There has been a marked increase in hate speech and vendettas directed at journalists in Finland compared to a few years ago. A survey of almost 1 400 UJF members carried out by the union magazine Journalisti on their experiences of hate speech reveals that about 40 per cent of threats and abuse leveled at the journalists surveyed concerned their coverage of immigration issues. 

The increase in numbers of refugees coming to Finland and other parts of Europe, in particular, has sparked a spasm ugly extremist behaviour in many European countries.

About 70 per cent of journalists surveyed reported that their employers have a good or objective attitude to employee safety issues. But one in five said that their employers were indifferent to threats made against journalist employees. Some journalists have been subject to physical attacks.

The survey follows a report by the Ministry of Justice that found hate speech to be the most common type of discriminatory behaviour directed at minorities, including refugees and asylum seekers. Social media and anti-minority online magazines, such as MV-Lehti, are frequent platforms for racist and misogynist hate speech.

Journalisti magazine recently carried a report on journalists and writers who had been the targets of threats and intimidation.

Responding to the survey results, union president Hanne Aho called on all employers to take the problem of threats and hate speech seriously in terms of both how they affect individual journalists and the independence and freedom of the media.

“All too many [journalists] have had to stand by their articles on their own. The more controversial a matter is the more strongly an employer should support their employee. Otherwise there’s a risk that highly incendiary issues will go unreported.”

Freelance journalists, especially, often lack the support of employers when receiving threats due to their work. The UJF has been highlighting the availability of its legal services for all members who have experienced such outbursts.

The Journalisti survey revealed that the police follow up only about two per cent of cases of hate speech. Many instances of severe threats and hate speech are not even subject to preliminary investigation.

One such case stands out. In justifying the lack of police follow-up on a case brought by a journalist who had received work-related threats, the Helsinki district prosecutor said in January that since journalists are in a public profession and should therefore be able to endure threats. The prosecutor ruled that such violations made in response to “topics that arouse strong opinions” would not be subject to further action.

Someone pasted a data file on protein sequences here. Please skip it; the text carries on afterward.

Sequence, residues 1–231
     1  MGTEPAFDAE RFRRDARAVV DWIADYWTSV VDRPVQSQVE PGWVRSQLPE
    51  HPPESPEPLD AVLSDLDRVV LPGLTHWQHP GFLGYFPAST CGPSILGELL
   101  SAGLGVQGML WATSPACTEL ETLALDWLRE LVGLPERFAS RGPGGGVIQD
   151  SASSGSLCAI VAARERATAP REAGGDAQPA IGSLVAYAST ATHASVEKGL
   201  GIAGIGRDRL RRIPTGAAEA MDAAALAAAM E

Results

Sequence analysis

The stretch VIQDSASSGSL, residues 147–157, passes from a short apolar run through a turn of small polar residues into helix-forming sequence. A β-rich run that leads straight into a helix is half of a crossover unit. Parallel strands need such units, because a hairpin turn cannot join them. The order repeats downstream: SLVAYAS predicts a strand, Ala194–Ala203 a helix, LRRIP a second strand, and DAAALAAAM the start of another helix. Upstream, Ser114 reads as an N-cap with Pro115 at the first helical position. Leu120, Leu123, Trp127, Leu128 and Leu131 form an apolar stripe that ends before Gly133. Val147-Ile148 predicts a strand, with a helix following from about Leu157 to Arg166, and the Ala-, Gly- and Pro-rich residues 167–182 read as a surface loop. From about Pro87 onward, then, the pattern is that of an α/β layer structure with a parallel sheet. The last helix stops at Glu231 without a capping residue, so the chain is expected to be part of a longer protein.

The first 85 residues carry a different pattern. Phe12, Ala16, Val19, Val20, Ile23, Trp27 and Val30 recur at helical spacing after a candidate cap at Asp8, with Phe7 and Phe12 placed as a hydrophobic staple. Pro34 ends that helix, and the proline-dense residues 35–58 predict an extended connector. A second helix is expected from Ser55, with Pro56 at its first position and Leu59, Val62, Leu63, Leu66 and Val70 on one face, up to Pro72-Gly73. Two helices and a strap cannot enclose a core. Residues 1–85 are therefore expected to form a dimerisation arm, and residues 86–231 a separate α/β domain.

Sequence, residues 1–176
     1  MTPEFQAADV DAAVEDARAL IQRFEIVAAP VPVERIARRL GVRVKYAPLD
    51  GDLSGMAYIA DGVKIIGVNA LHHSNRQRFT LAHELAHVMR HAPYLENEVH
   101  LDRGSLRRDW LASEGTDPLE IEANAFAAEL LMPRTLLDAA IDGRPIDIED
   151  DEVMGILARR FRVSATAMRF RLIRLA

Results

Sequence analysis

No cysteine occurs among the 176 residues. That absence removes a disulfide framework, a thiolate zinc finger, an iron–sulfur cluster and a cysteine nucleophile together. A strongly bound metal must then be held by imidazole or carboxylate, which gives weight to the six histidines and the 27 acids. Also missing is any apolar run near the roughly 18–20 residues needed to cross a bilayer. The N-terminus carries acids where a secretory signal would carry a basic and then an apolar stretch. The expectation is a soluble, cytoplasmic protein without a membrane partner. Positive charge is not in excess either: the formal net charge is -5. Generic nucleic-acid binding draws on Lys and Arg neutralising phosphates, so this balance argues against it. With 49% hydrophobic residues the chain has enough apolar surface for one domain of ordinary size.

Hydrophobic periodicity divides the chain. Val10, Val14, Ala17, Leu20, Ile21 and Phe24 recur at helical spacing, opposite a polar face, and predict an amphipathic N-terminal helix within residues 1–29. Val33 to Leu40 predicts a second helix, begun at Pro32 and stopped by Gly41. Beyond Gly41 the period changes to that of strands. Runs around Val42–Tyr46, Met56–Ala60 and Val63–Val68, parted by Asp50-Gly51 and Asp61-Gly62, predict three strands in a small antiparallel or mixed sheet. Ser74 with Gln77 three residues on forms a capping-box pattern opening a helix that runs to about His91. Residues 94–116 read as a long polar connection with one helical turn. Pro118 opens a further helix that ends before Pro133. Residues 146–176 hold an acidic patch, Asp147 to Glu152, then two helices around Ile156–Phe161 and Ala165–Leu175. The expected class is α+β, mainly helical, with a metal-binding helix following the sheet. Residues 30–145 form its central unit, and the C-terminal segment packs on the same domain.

“The Prosecutor-General must rule that under no circumstances are threats permissible,” says Hanne Aho. “Having to endure them is not part of the profession of being a journalist. Apposite criticism is fine, but ad hominem remarks are not.”

The same line on the case concerning the district prosecutor was taken by the Council for Mass Media in Finland, the press watchdog that deals with compliance with journalistic ethical standards and defence of media freedoms.

The CMM ruled that while journalists should be prepared to face robust criticism, the hate speech and direct and indirect threats made to the journalist who reported them to the police should be taken seriously.  They impinge on freedom of speech. “Threats affect the entire work community,” the CMM ruled.

Journalism plays a central role as a watchdog on power, the UJF stated. Efforts to disrupt or prevent this work are an attack on democracy.

“Other professional groups, such as social welfare officials, police officers and politicians, have long had to put up with hate speech,” said Hanne Aho. “It’s time to put an end to this. The police should investigate and the accused prosecuted.”

Link to the Journalisti survey (in Finnish)